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Name of the twelve books, one for every month, that contain the offices for immovable feasts in the Byzantine rite

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Menaion (menaion from men, “month”) is the name of the twelve books, one for every month, that contain the offices for immovable feasts in the Byzantine rite. As in the West, the Byzantine Calendar consists of two series of offices. First there are the movable days, the days of the ecclesiastical year turning around Easter (roprium de tern pore); overlying this, as it were, are the feasts of our Lord, the Blessed Virgin, and the Saints that are fixed to certain days of the month of the civil year. The offices for these feasts are contained in the menaia, which therefore correspond to the proprium sanctorum in the Roman breviary.

The origin and first compilation of the menaia is obscure. Apparently the various elements that make up the collection were put together gradually. It seems that the Synaxarion (now an extract from the menaia) was composed first. The Synaxarion contains only short accounts of the saints’ lives, the history of the feast and so on, like the lessons of the second nocturn in the breviary. These lives of saints are attributed to Symeon Metaphrastes (q.v.). The menaia include the Synaxarion and supply also all the other texts and poems (the Canons with their heirmoi, troparia, stichera, kontakia, and so on) required to complete the office. A great part of these poems are ascribed to Romanos, the chief hymn-writer of the Byzantine Church (fifth century). The menaia do not affect the holy liturgy (which is hardly influenced by the calendar), being used only in the Divine Office.

The Byzantine ecclesiastical year begins with September. That month therefore forms the first menaion; there is then one for each month to August. The rules for coincidence of feasts and the manner of saying the office on any day must be sought in the typikon; but extracts from the typikon are printed in the menaia. Each office fills five or six small folio pages, the rubrics being printed in red. The general arrangement is this: first come the verses (stichera) sung at the Hesperinos, then the Biblical lessons with the prokeimena and any troparia that may be wanted. The Canon sung at the Orthros follows with all its odes and their troparia. The Synaxarion of the feast follows the sixth ode. The psalms and other unchanging matter are not given. They are found in the other books (Triodion, Parakletike, Oktcechos). The churches of the Byzantine rite that do not use Greek liturgically have translations of the menaia with additional offices for their special feasts and any other modifications they may have introduced. The Slavonic name for the book is mineja, Arabic minaiun, Rumanian mineiu. Parts of the menaia were translated into Syriac by the Melchites during the time that they used that language (a list in Charon: “Le Rite byzantin dans les Patriarcats melkites”, Rome, 1908, pp. 33-44). The whole has not been translated into Arabic. The Orthodox and Melchites of Egypt and Syria use instead a selection from them called in Greek “Anthologion ” (but “minaiun” in Arabic). The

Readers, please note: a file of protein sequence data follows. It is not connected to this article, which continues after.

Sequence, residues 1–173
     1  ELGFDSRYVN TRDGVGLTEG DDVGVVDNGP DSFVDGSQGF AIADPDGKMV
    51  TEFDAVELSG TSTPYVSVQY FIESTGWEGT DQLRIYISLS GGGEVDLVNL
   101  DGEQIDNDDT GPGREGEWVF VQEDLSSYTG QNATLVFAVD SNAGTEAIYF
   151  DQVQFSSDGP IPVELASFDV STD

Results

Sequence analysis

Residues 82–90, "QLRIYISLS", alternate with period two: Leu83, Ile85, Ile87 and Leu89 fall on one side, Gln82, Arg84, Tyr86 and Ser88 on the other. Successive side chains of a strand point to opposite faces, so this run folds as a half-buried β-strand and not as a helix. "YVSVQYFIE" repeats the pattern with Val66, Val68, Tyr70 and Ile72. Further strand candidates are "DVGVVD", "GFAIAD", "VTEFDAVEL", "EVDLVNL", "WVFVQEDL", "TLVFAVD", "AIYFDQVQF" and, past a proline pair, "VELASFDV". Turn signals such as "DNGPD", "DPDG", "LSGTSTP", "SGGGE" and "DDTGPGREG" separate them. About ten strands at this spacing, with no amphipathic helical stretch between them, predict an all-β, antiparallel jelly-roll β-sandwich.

“Menology” (menologion) is either an ecclesiastical calendar or a kind of Synaxarion. The first printed edition of the menaia was made by Andrew and James Spinelli at Venice (1528-1596) and reprinted (1596-1607). The latest Greek editions were published at Venice, in 1873 (Orthodox), and at Rome, in 1888 (Uniate).


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